I'm fighting to return these benefits to our friends and neighbors who are still struggling against a tough economy.
More on Economy
Washington, DC (February 5, 2019)—Today, Congressman Elijah E. Cummings (MD-07) issued the following statement in response to President Donald Trump’s State of the Union address:
“Tonight, President Trump tried to strike a reconciliatory note that has not been supported by his actions. He called on Democrats and Republicans to work together in a bipartisan manner, but over the past two years, he has sown division and demanded that he get exactly what he wants.
WASHINGTON – U.S. Senators Ben Cardin and Chris Van Hollen and Congressmen Steny Hoyer, Elijah Cummings, Dutch Ruppersberger and John Sarbanes (All D-Md.) met Wednesday evening with General Motors Chair and CEO Mary Barra in an effort to gain clarity and reverse the decision to close the GM facility at White Marsh. The lawmakers released the following joint statement on the meeting:
(Washington, DC) – U.S. Senators Ben Cardin and Chris Van Hollen, along with Congressmen Elijah Cummings, C.A. Dutch Ruppersberger, John Sarbanes and Jamie Raskin (all D-MD) have sent a letter to General Motors Chairman and CEO Mary Teresa Barra requesting a meeting to discuss the company’s decision to terminate operations at its White Marsh facility, calling it an “example of extremely poor corporate citizenship.”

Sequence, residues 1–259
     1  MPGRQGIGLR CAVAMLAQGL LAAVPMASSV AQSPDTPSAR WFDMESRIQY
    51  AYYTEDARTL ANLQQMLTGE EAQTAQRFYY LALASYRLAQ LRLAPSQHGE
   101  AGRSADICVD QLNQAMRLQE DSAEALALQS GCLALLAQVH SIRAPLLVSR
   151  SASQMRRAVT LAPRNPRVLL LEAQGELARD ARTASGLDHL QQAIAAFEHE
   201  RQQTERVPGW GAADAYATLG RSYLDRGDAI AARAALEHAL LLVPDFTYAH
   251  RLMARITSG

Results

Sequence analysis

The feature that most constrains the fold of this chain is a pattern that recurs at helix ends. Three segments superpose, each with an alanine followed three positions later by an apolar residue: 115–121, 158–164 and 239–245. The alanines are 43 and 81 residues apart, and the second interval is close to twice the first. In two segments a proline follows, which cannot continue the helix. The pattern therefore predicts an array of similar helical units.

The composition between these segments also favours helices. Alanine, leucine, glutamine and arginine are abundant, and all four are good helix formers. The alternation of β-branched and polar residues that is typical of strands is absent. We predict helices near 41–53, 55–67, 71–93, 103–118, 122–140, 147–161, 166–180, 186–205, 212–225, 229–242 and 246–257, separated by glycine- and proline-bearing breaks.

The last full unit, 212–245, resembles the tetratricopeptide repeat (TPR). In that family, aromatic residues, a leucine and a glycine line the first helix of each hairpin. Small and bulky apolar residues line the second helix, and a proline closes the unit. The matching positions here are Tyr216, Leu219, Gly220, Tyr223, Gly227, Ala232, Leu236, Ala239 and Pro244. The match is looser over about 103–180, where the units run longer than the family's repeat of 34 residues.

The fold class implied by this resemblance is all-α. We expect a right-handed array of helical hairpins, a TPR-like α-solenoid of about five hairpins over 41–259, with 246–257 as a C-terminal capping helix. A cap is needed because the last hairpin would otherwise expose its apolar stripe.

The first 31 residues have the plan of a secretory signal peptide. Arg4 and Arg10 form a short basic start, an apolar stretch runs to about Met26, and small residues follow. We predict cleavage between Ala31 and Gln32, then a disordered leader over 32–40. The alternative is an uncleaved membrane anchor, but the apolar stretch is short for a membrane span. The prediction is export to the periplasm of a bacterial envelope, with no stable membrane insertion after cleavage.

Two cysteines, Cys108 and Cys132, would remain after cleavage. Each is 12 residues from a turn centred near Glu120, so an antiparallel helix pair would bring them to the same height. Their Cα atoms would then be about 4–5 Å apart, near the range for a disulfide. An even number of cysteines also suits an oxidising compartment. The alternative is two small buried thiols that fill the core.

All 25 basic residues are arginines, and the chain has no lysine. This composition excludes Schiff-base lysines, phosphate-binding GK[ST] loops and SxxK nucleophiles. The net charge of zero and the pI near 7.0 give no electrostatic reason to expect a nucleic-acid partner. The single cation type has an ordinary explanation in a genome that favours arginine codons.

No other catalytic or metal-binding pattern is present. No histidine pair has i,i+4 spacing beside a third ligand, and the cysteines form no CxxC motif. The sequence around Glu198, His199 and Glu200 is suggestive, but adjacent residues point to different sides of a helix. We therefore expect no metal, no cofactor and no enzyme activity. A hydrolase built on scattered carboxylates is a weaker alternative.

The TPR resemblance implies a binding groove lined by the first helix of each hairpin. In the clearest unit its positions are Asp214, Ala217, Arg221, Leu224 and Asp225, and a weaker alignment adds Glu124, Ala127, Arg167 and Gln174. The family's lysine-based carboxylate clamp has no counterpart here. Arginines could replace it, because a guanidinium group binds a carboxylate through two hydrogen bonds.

The congressman who could become President Donald Trump’s recurring political nightmare has photos on his office walls of himself with anti-apartheid icon Nelson Mandela, pathbreaking boxer Muhammad Ali and civil rights activist Coretta Scott King.